The other morning I heard Ethan talking to his stuffed animals that sleep in the crib with him. Any time I check on him while he slumbers, I find him with an arm (or his entire body) slung over any one of the following:
Don't worry folks, we didn't allow the menagerie into the crib while he was still an infant, but I'm sorry to announce: Ethan is a toddler now.
A toddler. For one thing, he has moved from total dependence to personal resourcefulness: Noah's parents found a Cheeto stored in his diaper, for safekeeping.He knows how to turn on the TV, turn on the Xbox, stand up from sitting without holding onto anything, feed himself, and manipulate unsuspecting adults.
Case in point: Monday morning, though he rocked the independent play while in the crib, once I got him up he wasn't interested in being anywhere but wrapped koala-style around my upper body. As we approached the babysitter's front door, he began his usual litany of "hi" and waving, and yet he still cried heartbreakingly as I left.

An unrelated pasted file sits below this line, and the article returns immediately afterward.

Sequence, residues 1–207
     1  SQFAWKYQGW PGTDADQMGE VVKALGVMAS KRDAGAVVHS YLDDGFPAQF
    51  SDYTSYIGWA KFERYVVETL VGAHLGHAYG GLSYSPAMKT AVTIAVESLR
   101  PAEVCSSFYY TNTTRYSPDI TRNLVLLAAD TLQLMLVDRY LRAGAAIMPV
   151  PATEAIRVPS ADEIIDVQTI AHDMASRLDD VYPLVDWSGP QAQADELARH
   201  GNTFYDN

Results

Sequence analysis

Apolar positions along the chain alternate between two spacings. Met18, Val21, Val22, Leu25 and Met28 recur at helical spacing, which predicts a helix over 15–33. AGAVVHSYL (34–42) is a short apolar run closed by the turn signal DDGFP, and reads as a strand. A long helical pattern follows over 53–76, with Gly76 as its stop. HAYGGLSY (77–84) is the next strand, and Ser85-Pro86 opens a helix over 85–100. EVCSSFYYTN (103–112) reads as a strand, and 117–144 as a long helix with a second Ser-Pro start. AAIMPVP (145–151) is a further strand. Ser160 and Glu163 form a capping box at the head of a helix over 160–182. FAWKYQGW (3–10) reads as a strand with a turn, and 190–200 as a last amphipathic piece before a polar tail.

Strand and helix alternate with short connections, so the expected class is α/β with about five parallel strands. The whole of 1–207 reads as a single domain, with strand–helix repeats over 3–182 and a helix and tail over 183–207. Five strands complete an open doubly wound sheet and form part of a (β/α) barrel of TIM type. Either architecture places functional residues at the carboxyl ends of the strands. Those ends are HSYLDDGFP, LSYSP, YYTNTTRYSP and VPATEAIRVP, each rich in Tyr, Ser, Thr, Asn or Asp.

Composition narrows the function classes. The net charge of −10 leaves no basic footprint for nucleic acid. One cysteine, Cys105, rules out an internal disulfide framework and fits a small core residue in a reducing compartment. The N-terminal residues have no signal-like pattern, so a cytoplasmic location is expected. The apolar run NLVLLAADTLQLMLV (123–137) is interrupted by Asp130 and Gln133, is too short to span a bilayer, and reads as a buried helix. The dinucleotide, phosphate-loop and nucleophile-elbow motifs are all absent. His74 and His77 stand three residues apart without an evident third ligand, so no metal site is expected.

Sometimes, he also has more sense than adults, as in the Lake Carlton Park District Slide Incident while we were in Chicago.
You see that facial expression? I'm all happy and "isn't this so cute" but Ethan is obviously anticipating the disaster to come, just moments later when we went careening off the end and into the wood chips. Those suckers are slick.
I tried to make it up to him on the swings, but the trust was broken.
So I stopped interfering and allowed him to explore.
And hang out with Poppy.
Eventually, he forgave me, because now he's capable of mistrust, offense, and yes, forgiveness. This morning, as another molar pressed cruelly on his tender gums, I spent a few extra minutes at the babysitter's house, where he stood between my legs and rested his head on my shoulder while I rubbed his tiny back. We're thick as thieves once again, and I couldn't be happier about it.